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Data study of HPV immunisation programme

Population study evaluated the effectiveness of the human papillomavirus immunisation programme for girls through comparison of data in the National Survey.


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The UK introduced a human papillomavirus (HPV) immunisation programme for girls in 2008 as a bivalent vaccine protecting for HPV-16/18. HPV-16 and HPV-18 are responsible for over 70% of cervical cancers. In 2012 the programme switched to quadrivalent vaccine (HPV-6/11/16/18) which also protects against genital warts.

This population study evaluated the effectiveness through comparison of data in the National Survey of Sexual Attitudes and Lifestyles (Natsal-3) in 2010-12, with Natsal-2 undertaken in 1999-2001.

Urine samples from 2569 sexually-experienced women age 16-44 (Natsal-3) were tested for HPV and compared with results with 1798 women in Natsal-2. In Natsal-3, 4.2% of women age 16-44 years were positive for HPV-16/18 and 2.9% for HPV-6/11 rising to 4.5% and 10.8% respectively in 16-20 year olds. In addition, 20.7% of 16-20 year olds had at least one HPV type included in a new 9-valent vaccine currently being trialled.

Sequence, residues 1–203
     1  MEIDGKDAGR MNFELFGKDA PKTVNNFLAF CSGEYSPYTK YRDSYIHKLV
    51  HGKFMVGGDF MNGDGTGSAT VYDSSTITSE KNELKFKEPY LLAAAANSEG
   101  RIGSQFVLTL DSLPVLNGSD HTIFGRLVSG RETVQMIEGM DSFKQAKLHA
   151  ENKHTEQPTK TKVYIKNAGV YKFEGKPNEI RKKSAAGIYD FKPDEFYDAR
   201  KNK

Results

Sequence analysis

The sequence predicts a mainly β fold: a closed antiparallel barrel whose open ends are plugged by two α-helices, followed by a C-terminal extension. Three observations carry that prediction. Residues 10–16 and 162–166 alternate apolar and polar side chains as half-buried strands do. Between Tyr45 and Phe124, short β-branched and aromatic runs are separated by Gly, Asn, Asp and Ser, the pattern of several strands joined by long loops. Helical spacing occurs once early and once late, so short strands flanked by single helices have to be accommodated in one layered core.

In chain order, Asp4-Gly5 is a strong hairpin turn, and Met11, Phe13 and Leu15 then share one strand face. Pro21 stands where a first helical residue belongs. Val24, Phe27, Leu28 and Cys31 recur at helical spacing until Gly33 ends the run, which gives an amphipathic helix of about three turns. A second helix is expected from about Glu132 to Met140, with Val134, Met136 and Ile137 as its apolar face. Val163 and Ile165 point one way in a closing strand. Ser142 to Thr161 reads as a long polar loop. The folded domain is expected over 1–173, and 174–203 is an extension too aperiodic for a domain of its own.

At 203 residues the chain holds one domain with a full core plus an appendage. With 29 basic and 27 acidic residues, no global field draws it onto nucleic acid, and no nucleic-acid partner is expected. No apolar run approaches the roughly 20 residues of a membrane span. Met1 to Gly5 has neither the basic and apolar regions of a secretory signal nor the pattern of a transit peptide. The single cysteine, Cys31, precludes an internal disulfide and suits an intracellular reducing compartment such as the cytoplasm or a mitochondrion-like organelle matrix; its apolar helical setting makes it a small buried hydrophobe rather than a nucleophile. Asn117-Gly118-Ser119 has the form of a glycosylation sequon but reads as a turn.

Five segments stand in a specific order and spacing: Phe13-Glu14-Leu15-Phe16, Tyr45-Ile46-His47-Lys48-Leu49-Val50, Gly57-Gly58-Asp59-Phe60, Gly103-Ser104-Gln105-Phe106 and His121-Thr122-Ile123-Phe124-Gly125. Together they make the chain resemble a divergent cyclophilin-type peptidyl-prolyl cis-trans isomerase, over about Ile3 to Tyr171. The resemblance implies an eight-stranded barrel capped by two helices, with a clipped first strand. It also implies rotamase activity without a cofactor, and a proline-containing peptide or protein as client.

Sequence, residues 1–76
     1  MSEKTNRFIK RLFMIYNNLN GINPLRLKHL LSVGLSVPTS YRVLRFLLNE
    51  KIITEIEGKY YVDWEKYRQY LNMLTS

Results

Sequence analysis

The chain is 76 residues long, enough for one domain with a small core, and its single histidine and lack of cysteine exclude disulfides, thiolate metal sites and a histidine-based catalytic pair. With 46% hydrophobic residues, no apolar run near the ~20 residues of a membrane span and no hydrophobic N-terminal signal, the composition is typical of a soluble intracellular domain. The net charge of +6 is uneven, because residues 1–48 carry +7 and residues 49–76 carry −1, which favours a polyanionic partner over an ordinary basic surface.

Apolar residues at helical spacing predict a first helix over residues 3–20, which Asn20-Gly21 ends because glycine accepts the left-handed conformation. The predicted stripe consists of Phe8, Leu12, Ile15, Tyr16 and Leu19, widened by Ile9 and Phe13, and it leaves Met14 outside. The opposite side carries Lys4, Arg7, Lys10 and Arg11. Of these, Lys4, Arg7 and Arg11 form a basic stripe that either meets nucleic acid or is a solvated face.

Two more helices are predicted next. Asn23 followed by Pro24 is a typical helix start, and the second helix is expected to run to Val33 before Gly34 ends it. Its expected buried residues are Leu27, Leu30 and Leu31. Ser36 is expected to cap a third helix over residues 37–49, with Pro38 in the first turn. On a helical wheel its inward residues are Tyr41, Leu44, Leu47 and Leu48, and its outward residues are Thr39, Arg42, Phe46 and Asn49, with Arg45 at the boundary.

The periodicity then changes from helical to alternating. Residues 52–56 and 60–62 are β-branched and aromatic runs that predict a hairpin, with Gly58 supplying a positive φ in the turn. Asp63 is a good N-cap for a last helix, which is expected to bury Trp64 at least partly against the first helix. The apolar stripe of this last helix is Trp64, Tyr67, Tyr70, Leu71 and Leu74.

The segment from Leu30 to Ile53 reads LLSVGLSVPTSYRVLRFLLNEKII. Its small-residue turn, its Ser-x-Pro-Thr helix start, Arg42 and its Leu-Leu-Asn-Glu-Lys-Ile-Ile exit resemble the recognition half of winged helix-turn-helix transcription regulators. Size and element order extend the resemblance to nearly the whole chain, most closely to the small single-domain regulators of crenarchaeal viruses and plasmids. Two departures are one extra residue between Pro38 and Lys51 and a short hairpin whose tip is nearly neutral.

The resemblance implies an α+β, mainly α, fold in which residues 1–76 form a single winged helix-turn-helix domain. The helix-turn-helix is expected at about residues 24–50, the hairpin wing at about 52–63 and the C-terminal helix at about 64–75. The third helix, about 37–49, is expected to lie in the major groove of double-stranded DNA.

Only 52% of those age 18-20 had had the three-dose vaccine coverage. In this age group, HPV-16/18 prevalence was lower in Natsal-3 than Natsal-2 (5.8% vs 11.2%), however, prevalence of HPV-6/11 was unchanged, as was HPV-16/18 prevalence in women age 21-44. Reductions in prevalence were found specific to HPV-16/18 and to the age group eligible for vaccination. Substantial vaccine-preventable HPV remains.


Tanton C, Mesher D, Beddows S et al (2017) Human papillomavirus (HPV) in young women in Britain: Population-based evidence of the effectiveness of the bivalent immunisation programme and burden of quadrivalent and 9-valent vaccine types. Papillomavirus Res. 3, 36-41. doi: 10.1016/j.pvr.2017.01.001.

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